2002, Number 5
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ABSTRACTWithin the zoological class of reptiles exist orders of ophidians and saurians, that is to say the genus of snakes. They are commonly grouped into one family creating a fear of all of them, as they are believed to be equally venomous. Among the 3,000 different species of snakes, only one sixth are truly venomous, some are terrestrial, others aquatic. According to the WHO registers, snake bites account for 40,000 deaths each year worldwide, although in reality the real fear is partially exaggerated since half of these deaths occur in India.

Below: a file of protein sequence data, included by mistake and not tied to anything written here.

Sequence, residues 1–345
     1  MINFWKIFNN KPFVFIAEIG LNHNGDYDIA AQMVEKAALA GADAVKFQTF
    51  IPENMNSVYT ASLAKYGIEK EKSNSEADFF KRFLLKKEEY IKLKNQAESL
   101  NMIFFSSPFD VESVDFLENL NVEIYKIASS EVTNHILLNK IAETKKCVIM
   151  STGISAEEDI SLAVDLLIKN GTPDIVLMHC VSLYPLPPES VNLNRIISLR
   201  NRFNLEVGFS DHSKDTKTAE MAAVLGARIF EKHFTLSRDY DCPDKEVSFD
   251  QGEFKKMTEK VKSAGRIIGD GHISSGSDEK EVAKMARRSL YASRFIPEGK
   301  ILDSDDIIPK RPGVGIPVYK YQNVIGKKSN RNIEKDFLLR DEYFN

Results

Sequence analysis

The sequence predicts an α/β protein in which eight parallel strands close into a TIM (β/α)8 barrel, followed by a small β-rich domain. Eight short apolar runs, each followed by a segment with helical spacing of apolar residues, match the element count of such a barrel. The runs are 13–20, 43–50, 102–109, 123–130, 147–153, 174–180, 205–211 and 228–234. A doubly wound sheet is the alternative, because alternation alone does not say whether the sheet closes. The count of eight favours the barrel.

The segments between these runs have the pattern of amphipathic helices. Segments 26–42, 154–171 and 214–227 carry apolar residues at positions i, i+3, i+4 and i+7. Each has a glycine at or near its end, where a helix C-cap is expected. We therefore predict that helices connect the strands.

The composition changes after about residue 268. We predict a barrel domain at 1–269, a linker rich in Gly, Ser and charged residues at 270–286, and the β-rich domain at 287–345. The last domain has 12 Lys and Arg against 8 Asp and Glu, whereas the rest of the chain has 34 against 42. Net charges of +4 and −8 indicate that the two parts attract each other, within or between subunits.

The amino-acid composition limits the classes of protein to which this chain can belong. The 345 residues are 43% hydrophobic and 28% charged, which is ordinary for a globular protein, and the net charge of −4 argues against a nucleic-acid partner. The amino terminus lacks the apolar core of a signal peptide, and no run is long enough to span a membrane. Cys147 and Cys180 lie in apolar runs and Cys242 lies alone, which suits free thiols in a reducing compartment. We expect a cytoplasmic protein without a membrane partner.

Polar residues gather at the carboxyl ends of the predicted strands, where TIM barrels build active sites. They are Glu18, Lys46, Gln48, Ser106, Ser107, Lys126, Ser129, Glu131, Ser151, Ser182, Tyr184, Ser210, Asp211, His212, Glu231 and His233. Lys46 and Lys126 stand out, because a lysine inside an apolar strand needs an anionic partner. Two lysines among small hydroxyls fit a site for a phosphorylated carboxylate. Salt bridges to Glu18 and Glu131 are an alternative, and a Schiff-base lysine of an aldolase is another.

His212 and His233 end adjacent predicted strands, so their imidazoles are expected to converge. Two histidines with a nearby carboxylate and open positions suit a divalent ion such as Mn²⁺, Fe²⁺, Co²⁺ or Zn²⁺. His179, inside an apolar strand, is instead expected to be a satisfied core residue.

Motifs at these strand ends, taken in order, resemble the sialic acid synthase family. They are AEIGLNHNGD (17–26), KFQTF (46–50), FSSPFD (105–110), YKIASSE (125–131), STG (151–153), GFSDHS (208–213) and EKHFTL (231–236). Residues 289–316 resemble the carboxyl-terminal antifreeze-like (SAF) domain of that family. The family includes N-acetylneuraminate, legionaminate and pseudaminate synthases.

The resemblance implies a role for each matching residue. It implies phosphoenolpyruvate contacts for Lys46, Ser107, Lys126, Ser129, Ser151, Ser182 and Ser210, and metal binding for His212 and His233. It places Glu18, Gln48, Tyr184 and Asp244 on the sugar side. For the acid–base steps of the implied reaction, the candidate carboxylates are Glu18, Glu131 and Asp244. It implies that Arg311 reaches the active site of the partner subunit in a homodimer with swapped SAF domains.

The widely known families of snakes in Mexico are the rattlesnakes, coral snakes and nauyacas (known by various common names such as deaf person, four noses and yellow beard). According to statistics from the Mexican Institute of Social Security, the number of people bitten in the Republic of Mexico is around 500 to 700 per year. However, the mortality rate is low because not all of the snakes are venomous, and those that are do not always inject venom to kill. The mortality rate is also reduced thanks to appropriate treatment being administered in a timely fashion. This article describes in detail both the local and general symptomatology, as well as the time it takes for the signs and symptoms to appear. In addition, treatment guidelines are outlined for the various grades of poisoning, the different attacking species, the site of the bite, the elapsed time following a bite, the general and local symptoms and the changes seen in laboratory analyses.
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